13. The computer readable medium, as recited in claim 12, wherein the code adapted to extract the data comprises:
code adapted to obtain the predefined rules from a second storage; and
code adapted to extract information of interest from the data based on the predefined rules.
14. The computer readable medium, as recited in claim 12, wherein the code adapted to preprocess the extracted data comprises:
code adapted to obtain the predefined rules from a second storage; and
code adapted to compute data based upon the predefined rules.
15. The computer readable medium, as recited in claim 14, wherein the code adapted to preprocess the extracted data further comprises:
code adapted to evaluating a rule affinity of the predefined rules; and
code adapted to group the predefined rules based on the evaluated rule affinity to generate the one or more rule groups.
16. The computer readable medium, as recited in claim 12, further comprising code adapted to store the processed data in a third storage.
17. The computer readable medium, as recited in claim 16, further comprising code adapted to generating a user-viewable representation of the processed data and the predefined rules.
18. A detection system, comprising:
an extractor module configured to extract data based upon one or more predefined rules;
a processing module configured to:
compute data based on the predefined rules;
evaluate a rule condition affinity of the predefined rules; and
group the predefined rules based on the evaluated rule affinity to generate one or more rule groups; and
an interpreter module configured to interpret the extracted data based on the predefined rules to generate output data.
19. The detection system of claim 18, wherein the system is configured to obtain the data from a data storage subsystem configured to store data, and wherein the data storage subsystem is in operative association with the detection system.
20. The detection system of claim 18, wherein the predefined rules comprises a constraint, an action, or combinations thereof.
21. The detection system of claim 18, wherein the interpreter module comprises an inference engine.
22. The detection system of claim 18, wherein the extractor module is further configured to:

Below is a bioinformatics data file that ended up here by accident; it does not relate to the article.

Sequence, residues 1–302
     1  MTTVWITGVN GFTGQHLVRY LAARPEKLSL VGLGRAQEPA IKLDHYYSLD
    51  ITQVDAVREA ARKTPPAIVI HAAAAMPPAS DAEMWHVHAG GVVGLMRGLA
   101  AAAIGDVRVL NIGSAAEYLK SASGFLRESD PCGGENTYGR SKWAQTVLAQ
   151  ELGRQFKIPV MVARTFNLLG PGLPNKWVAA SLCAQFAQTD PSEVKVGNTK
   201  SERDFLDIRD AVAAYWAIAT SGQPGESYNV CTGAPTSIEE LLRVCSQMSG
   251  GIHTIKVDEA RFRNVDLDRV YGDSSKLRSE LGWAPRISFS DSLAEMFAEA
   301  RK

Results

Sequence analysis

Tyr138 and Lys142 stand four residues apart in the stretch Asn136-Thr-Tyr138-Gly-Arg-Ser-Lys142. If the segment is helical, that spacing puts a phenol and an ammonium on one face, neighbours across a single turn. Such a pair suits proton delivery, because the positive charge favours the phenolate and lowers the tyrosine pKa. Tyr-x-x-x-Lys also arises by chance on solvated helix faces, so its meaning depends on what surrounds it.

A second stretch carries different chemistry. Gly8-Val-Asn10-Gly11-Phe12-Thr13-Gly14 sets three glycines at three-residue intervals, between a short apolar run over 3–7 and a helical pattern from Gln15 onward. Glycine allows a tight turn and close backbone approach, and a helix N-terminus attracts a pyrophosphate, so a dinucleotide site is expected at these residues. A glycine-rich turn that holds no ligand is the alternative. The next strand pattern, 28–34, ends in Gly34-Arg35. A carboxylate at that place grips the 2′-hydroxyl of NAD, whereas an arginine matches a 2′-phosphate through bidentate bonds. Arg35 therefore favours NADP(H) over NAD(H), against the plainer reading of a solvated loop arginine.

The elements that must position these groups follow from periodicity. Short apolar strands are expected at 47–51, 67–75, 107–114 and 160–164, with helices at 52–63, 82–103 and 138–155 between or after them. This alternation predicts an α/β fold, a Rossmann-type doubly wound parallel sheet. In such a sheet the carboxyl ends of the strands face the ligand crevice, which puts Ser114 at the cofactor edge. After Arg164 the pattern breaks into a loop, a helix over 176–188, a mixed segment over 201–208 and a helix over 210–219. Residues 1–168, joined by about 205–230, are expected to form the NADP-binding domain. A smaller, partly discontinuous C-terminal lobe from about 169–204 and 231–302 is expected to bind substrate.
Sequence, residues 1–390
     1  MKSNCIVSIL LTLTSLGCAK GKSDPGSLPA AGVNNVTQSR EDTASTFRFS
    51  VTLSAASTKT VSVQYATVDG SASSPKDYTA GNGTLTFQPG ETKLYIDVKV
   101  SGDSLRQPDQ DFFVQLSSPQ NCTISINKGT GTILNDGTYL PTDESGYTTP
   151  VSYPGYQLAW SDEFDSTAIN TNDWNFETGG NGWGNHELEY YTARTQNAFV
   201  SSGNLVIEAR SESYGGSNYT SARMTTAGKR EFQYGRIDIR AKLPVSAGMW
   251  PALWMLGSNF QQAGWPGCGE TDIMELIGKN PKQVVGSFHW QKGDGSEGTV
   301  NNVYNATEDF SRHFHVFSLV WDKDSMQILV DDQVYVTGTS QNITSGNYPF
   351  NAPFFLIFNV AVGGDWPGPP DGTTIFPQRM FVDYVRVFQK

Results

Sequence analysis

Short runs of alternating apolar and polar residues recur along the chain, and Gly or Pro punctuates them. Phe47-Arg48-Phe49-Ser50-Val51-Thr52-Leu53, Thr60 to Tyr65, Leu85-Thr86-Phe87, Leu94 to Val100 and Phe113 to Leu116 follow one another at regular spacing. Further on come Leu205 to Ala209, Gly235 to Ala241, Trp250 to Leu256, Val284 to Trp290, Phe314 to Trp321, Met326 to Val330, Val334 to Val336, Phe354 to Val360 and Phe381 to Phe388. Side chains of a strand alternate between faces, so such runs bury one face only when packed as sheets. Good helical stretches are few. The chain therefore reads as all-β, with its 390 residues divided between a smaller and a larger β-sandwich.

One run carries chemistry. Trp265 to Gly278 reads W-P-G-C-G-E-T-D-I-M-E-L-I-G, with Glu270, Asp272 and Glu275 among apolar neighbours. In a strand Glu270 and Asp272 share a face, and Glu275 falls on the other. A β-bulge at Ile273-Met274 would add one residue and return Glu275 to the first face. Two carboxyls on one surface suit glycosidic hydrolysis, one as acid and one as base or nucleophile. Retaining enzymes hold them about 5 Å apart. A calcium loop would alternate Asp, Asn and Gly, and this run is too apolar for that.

obtain the predefined rules from a second storage; and
extract information of interest from the data, wherein the information of interest comprises a parameter, an indicator, an error code, or combinations thereof.
23. The detection system of claim 18, wherein the processing module is further configured to:
obtain the predefined rules from a second storage; and
instantiate one or more inference engines based on the number of generated rule groups.
24. The detection system of claim 18, further configured to store the output data in a third storage.
25. A system, comprising:
a data source, wherein the data source comprises:
an acquisition subsystem configured to acquire data;
a processing subsystem in operative association with the acquisition subsystem and configured to:
process the acquired data; and
generate log data;
a data storage subsystem configured to store the log data; and
a detection subsystem in operative association with the data storage subsystem and configured to:
extract data based upon one or more predefined rules;
preprocess the extracted data based on the predefined rules to generate one or more rule groups;
instantiate one or more inference engines based on the generated rule groups; and
process the extracted data by a corresponding inference engine based on the predefined rules to generate processed data.
26. The system of claim 25, further configured to generate a user-viewable representation of the meta-data and the predefined context definition.
Description
BACKGROUND

The invention relates generally to expert systems, and more particularly to rule-based systems.

Rule-based artificial intelligence systems typically include a set of rules, one or more facts or data in a working memory, and an inference engine that applies the rules to the facts in the working memory. Further, an inference engine generally performs the steps of matching a collection of objects to a given rule, selecting a rule from a list of rules whose conditions are completely matched by the objects, and execution of the selected rule.